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M O R E    R E S O U R C E S

Perpetual Income: How-to Generate Cash Flow from Low-End House Investments
Perpetual Income: How-to Generate Cash Flow from Low-End House Investments
by Bryan Wittenmyer

Real Estate Business and Investment Opportunities
Real Estate Business and Investment Opportunities
by Bryan Wittenmyer

The Hidden Secrets of A Real Estate Technician
The Hidden Secrets of A Real Estate Technician
by Bryan Wittenmyer

Article by Bryan Wittenmyer
Recycle the Real Estate "oink"

  The grandparents from my mother's side of the family had been in the butchering business for over fifty years. As a kid I visited their butcher house with great curiousity. The amazing thing they showed me was how virtually every part of the animal gets processed into some salable product. There's a saying in the slaughterhouse business--"We use everything but the oink." I will relate how all of this fits into your real estate business in a moment. Indulge me, please.

  In the meat processing business every single by-product and meat part gets used (if you are a militant vegetarian stop reading now). The bones are sold to fertilizer factories where they are ground into powder and dried. Ditto for most of the blood. Blood makes fine fertilizer. The hides are obviously sold to leather tanning companies where they too are processed. The best cuts of meat are sold as steak and roasts, while the lesser grade cuts are ground into hamburger with a little blood added for color enhancement. The inedible entrails are typically sold to petfood companies where they are mashed and cooked into a nutritous dinner for North America's pets. Some of the more unknown organ meats are sold to Asia as various food delicacies, while some are sold to pharmaceutical companies to extract life-saving medicines or chemical substances. I could go on, but I think you get my point.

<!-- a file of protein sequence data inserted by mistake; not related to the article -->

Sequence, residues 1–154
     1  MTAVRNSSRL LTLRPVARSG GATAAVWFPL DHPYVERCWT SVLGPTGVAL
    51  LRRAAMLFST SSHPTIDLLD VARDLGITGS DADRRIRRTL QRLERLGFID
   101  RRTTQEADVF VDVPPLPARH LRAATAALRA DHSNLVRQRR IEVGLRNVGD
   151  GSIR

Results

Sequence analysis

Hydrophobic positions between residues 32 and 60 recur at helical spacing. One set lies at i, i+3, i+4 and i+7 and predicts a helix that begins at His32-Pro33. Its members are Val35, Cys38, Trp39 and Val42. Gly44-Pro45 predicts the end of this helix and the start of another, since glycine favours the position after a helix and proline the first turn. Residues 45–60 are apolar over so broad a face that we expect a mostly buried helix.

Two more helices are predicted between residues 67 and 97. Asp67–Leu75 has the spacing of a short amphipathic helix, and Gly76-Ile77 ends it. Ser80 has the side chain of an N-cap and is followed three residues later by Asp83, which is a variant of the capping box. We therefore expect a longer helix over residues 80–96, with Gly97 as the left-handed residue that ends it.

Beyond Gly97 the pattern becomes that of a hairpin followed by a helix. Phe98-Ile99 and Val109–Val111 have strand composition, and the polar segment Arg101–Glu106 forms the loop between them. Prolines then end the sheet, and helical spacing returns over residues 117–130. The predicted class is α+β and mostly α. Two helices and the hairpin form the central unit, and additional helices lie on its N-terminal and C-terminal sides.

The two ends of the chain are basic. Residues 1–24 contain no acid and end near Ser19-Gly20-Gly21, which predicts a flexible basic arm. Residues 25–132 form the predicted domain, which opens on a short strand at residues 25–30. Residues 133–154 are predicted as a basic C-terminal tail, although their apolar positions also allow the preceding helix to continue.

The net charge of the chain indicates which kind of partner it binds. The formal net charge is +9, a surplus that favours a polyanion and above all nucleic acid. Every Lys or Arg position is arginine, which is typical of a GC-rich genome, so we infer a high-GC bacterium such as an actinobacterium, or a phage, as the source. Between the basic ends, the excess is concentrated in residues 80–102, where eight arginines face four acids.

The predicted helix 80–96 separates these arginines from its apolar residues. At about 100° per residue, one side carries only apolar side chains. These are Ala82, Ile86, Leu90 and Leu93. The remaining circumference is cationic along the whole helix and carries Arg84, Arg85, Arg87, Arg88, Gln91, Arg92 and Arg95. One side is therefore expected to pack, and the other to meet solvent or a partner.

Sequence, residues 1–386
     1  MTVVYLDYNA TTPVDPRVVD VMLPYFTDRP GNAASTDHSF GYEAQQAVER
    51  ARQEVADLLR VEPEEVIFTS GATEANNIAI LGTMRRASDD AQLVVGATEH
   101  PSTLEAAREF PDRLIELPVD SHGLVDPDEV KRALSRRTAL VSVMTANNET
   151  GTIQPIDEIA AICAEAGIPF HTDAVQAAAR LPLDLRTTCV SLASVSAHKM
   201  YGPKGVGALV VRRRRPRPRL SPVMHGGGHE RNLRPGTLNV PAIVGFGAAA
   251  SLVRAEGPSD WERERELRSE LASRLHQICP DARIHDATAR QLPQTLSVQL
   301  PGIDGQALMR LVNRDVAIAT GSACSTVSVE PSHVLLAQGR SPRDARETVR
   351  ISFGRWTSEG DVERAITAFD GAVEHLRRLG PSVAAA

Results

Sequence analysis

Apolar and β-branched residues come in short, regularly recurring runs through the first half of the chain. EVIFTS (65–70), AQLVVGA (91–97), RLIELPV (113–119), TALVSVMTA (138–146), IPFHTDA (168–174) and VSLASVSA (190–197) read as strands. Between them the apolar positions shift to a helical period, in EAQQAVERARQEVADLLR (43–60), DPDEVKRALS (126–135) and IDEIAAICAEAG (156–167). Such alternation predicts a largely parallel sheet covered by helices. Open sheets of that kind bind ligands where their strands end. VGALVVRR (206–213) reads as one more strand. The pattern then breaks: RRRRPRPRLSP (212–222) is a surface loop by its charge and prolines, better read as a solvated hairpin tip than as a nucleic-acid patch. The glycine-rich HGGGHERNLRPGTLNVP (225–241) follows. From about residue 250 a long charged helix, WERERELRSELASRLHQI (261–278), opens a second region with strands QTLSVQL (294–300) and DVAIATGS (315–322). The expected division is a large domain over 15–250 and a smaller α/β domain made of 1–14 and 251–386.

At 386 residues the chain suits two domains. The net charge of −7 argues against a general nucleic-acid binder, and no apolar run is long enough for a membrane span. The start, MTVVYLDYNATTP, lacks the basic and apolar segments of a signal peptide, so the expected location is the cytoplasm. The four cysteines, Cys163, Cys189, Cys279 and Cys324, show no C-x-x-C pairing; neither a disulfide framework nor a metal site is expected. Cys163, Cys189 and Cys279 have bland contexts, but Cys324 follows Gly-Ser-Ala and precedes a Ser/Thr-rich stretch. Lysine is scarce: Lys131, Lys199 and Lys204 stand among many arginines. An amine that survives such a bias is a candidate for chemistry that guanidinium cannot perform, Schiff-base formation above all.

In your real estate business (rentals, flipping, or management services) you need to model yourself after the butcherhouse model. How? By taking all of the materials and supplies that you use and not waste a scrap. This means saving all end of can paints, screws, nails, carpet pieces, vinyl scraps, wood, and 100s of other things used in rehabbing and maintenance.

  For instance. I saved about a 4X5 foot scrap of leftover vinyl used on a house 5 years ago. That house developed a hole in the vinyl. All I had to do was take the "scrap" piece to my handyman and have him splice it into the hole area! Same thing works with carpet--ever have tenants burn holes in carpet? Things you should save: celing tiles, miscellaneous hardware, outet and switch covers, nails, screws, cabinets, roofing supplies, glass panes, etc.

  Next, with this philosophy, start stopping and picking up unwanted stuff left by the curb as junk by homeowners. This means old cabinets, windows, doors, storm window glass, vanities, etc. As you know, if you have read my book, Perpetual Income, that I am a dumpster diver. I root through job site dumpsters. People throw out lots of good stuff. I have carpet in several of my properties that was gotten for free or almost-free prices.

  To have long-term success in real estate you need to be frugal. Being strategically cheap is fun. Frankly, when I use some supplies I have either found for free or have stored in my inventory, I get a lot of kicks out of it using them.

  Do this: Save everything remotely usable. Inventory the stuff so you know what you have. Check out buildings that are scheduled to be torn down. Strip them (with permission). Stop and pick up freebies. Be cheap!

  This works once you get going with it. You will need some storage. Buy or build a small barn or garage out behind your house, if possible. The costs of a small out building are extremely low--especially if you do it yourself with the many kits available. This will payoff big in your housing business.

Copyright 2004 Infoleverage
Bryan Wittenmyer

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